Careless Lives


Certain things are true of me and the central one is this: I am not a brave man, not any more.  I might be a wise man, but only after the event. My reflections are mainly saved for the rear view mirror: the way ahead is full of chaos and the reason I am moved towards it is I have no choice. I might smile or move my arm, because gestures I still own , but the menu is not  mine. I challenged life, and it ate me in a mouthful, chewed me without comment and then forgot the meal.

Those days when I was bravely unaware of consequences are behind me. Now I know the tide is rising, and my print will vanish from this earth. Might I be remembered as an anecdote? ” Did you ever meet him, the man who spoke in parables ? Was he a madman; someone crushed by understanding?  I don’t know.”

Those days, which seem a life ago, when I would say, “Shall we turn left or right or offer someone counsel” are memories. Now I am that coated figure, moving in the street, making  interest of the changing wind, the closing of a shop, the ending of the day.  I am that figure in the corner, who ceased to look at rainbows; whose life reached no conclusion, but just ran out of  batteries.

Those days when I could escape the present have left me.  I paused in indecision and  it filled me,. It owns my mind and coats it with indifference:the weight and sight of it; it’s sheer infinity dissolves agends. You are you and that is all you are. “I can change” I say, but the present has no strategy or interest. Those plans you made so bravely became sandwich wrappers, now discarded as the world returned to order. You,  the snack it will not remember.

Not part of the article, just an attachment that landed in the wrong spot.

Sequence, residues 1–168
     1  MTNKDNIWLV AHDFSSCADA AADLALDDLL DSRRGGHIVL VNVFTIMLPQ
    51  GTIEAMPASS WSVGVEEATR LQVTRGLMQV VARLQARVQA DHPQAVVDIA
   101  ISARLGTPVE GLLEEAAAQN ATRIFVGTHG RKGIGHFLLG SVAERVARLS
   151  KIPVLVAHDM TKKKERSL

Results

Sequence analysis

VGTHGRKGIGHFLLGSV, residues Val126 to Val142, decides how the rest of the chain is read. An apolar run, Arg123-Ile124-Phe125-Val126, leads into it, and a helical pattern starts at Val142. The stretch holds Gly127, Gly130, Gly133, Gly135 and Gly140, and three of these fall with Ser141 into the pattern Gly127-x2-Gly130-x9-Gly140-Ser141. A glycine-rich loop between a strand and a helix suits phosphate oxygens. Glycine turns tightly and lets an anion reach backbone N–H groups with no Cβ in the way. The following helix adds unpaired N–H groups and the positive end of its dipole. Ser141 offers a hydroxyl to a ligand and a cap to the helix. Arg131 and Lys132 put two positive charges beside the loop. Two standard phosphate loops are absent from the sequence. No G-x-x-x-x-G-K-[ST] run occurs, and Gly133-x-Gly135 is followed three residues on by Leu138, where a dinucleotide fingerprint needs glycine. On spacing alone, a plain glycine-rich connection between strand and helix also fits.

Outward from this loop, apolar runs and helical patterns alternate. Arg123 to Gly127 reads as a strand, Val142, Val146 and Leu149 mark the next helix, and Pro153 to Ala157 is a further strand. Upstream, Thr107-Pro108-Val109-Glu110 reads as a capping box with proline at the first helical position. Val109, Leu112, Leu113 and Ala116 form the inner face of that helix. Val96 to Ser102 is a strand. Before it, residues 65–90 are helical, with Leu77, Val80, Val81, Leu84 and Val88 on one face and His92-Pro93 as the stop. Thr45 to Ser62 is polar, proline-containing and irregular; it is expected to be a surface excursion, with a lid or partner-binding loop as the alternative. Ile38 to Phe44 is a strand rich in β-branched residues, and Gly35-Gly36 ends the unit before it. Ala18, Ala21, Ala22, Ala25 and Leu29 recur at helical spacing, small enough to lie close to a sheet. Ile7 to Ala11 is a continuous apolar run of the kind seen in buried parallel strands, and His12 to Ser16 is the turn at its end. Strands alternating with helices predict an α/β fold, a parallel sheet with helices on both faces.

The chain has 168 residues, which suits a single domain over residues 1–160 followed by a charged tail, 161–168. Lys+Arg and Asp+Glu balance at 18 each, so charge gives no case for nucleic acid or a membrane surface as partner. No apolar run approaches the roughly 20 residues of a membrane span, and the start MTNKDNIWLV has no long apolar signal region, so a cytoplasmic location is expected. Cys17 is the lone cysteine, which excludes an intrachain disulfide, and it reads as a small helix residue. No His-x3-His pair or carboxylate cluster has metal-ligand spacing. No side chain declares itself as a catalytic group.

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About Peter Wells aka Countingducks

Trying to remember what my future is
This entry was posted in character, community, creative writing, Environment, faith, Fiction, Life, Uncategorized, writing and tagged , , , , , , , , . Bookmark the permalink.

27 Responses to Careless Lives

  1. catterel says:

    Very sad, and so many people are just like this. I hope this is fiction and not a reflection of your own soul, Ducks. BTW has the flood water gone down?

  2. Al says:

    You said a mouthful there, ducks.

  3. Dylan Hearn says:

    Wonderfully written, Peter. Beautiful and poignant. A destination many of us will reach at some point but are unlikely to convey so wonderfully.

  4. Caroline says:

    So sad. I truly hope this isn’t you.

    Please don’t ever cease to look at rainbows. In fact never cease to look FOR rainbows – they are always there and part of life’s rich journey is always to keep searching for them for if you stop then you’re cheating yourself of the fun of the new which each day has to offer xxx

  5. You are brave for writing this..

  6. Ina says:

    Interesting read, and sad too. Plans are the only thing that make sense. Without it, everything is chaos. But perhaps that is part of the plan? ;) x

  7. rod says:

    Ina wrote that plans are the only things that make sense.
    If you are a ‘becoming’ person then that would be so,
    but if you are a ‘being’ person it would not.

  8. danieltrump says:

    beautifully written, evocative, and gives me much pause for thought. Sometimes awareness of the present moment eludes us, sometimes it can be too much. Thank you for your writing.

  9. That was depressingly reflective. How many will read this and feel moved to look beyond the darkness to seek out more rainbows, ride those tides coming in and fight against being just an anecdote while others will wallow in nothingness that they see is their life. What then? Indeed it was an interesting read. Reflective.

  10. Your writing is deep and powerful.